When the Framers were drafting the presidential selection procedure of the Constitution in 1787, they presented an artful compromise to the issue of direct election. With the new country spanning thousands of miles along the Atlantic coast and barely connected by transportation or communication, it was impractical if not impossible to distribute information widely enough for every citizen to make an informed choice (Kimberling). In a direct election, this lack of knowledge about candidates living in other states would inevitably result in citizens voting for the candidate they knew the most about. Because the larger states have considerable more voters, presidents would be elected not for their political beliefs, but for their place of residence. Given the inability to spread information extensively, the Framers compromised by adopting the idea of representation. The people up and down the country would vote for local delegates with whom they were familiar with. These electors would then elect a president “pre-eminent for ability and virtue” (Hamilton 333). By devising the Electoral College, the Framers ensured th...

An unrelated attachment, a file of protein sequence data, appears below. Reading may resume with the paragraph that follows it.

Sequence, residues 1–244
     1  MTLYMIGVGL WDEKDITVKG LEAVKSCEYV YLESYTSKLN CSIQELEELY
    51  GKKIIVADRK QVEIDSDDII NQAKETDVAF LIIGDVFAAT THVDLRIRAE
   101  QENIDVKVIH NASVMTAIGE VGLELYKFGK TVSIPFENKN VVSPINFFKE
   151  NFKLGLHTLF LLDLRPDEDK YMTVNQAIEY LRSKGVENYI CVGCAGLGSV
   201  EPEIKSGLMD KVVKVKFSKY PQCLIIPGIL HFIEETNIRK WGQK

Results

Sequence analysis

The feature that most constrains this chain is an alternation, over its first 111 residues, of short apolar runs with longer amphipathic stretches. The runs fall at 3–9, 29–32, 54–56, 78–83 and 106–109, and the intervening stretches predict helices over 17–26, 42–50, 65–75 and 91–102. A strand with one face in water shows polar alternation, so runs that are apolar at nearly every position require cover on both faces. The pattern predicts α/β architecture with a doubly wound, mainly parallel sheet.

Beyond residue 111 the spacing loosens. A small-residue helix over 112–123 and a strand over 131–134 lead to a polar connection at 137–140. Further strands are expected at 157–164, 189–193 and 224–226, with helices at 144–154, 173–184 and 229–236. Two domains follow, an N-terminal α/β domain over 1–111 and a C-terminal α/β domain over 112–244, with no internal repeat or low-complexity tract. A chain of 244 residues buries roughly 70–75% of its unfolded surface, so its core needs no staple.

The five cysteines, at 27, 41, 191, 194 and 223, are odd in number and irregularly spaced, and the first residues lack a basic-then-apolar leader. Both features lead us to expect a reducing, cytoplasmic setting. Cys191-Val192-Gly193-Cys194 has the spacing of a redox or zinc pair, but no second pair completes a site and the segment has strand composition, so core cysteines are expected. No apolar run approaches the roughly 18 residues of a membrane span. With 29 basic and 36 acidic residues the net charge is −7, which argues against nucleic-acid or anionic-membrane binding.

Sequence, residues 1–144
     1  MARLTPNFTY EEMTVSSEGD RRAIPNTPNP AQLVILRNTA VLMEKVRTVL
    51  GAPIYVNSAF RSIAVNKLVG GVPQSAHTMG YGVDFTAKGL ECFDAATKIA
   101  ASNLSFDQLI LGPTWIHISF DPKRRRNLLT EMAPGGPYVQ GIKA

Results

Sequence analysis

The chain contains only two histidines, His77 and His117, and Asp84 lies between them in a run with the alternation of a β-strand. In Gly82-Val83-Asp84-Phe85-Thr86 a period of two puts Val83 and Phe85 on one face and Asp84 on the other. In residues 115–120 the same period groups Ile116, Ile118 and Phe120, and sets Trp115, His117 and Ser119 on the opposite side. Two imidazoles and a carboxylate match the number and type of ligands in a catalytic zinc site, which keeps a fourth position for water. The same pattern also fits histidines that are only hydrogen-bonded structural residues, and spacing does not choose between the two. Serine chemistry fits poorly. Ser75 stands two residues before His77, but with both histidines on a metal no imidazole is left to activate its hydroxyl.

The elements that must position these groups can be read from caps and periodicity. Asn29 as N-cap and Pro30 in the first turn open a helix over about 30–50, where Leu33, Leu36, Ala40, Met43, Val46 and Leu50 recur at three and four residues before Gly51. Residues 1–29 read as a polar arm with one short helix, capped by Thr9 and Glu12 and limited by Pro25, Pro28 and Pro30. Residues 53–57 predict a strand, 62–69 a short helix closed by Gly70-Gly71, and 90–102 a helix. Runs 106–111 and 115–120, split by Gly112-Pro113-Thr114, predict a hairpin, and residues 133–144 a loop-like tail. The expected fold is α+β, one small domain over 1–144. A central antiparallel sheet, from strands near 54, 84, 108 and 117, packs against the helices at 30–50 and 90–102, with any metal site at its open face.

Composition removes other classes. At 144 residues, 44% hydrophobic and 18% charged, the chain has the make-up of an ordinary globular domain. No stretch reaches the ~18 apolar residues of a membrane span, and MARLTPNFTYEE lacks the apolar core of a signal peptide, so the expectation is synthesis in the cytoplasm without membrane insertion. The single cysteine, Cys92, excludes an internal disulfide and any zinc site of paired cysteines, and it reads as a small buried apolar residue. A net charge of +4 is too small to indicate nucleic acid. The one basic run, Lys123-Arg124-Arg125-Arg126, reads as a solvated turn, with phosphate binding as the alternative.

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...ve up the live up to ideals of the Framers in our present day.
Kimberling, William C. “The Electoral College.” Federal Election Commission, May 1992. Web. 13 March 2012.
Hamilton, Alexander. “Federalist 68.” The Federalist with Letters of “Brutus”. Ed. Terence Ball. New York: Cambridge University Press, 2003. 331-334. Print.
“Flunking the Electoral College.” Editorial. New York Times. 20 Nov. 2008. Web. 13 Mar. 2012.
Ray v. Blair. No. 649. Supreme Court of Alabama. April 3, 1952. Web. 13 Mar. 2012.
Ross, Kelly. “Electoral College Outdated.” Northern Arizona News. 6 Feb. 2011. Web. 13 Mar. 2012.
Kammer, Jerry. “As Presidential Electors Include Exgovernors, Activists.” Tucson Citizen. 16 Oct. 2008. Web. 13 Mar. 2012.
Longley, Lawrence D. and Alan G. Braun. The Politics of Electoral College Reform. London: Yale University Press, 1975. Print.
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